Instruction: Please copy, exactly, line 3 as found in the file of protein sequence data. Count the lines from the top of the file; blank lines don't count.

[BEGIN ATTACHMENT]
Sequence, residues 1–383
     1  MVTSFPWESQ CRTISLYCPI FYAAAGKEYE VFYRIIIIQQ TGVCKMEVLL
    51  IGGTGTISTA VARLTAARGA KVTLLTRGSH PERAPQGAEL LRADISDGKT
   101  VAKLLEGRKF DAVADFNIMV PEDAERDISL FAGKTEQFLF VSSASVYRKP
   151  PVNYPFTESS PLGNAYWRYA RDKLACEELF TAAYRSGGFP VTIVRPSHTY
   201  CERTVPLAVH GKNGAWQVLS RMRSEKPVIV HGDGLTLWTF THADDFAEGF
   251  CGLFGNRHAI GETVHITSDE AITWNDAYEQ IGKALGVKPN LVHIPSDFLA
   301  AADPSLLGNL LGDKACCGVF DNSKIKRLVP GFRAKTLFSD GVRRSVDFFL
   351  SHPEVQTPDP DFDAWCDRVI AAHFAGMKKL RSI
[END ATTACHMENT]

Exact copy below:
    51  IGGTGTISTA VARLTAARGA KVTLLTRGSH PERAPQGAEL LRADISDGKT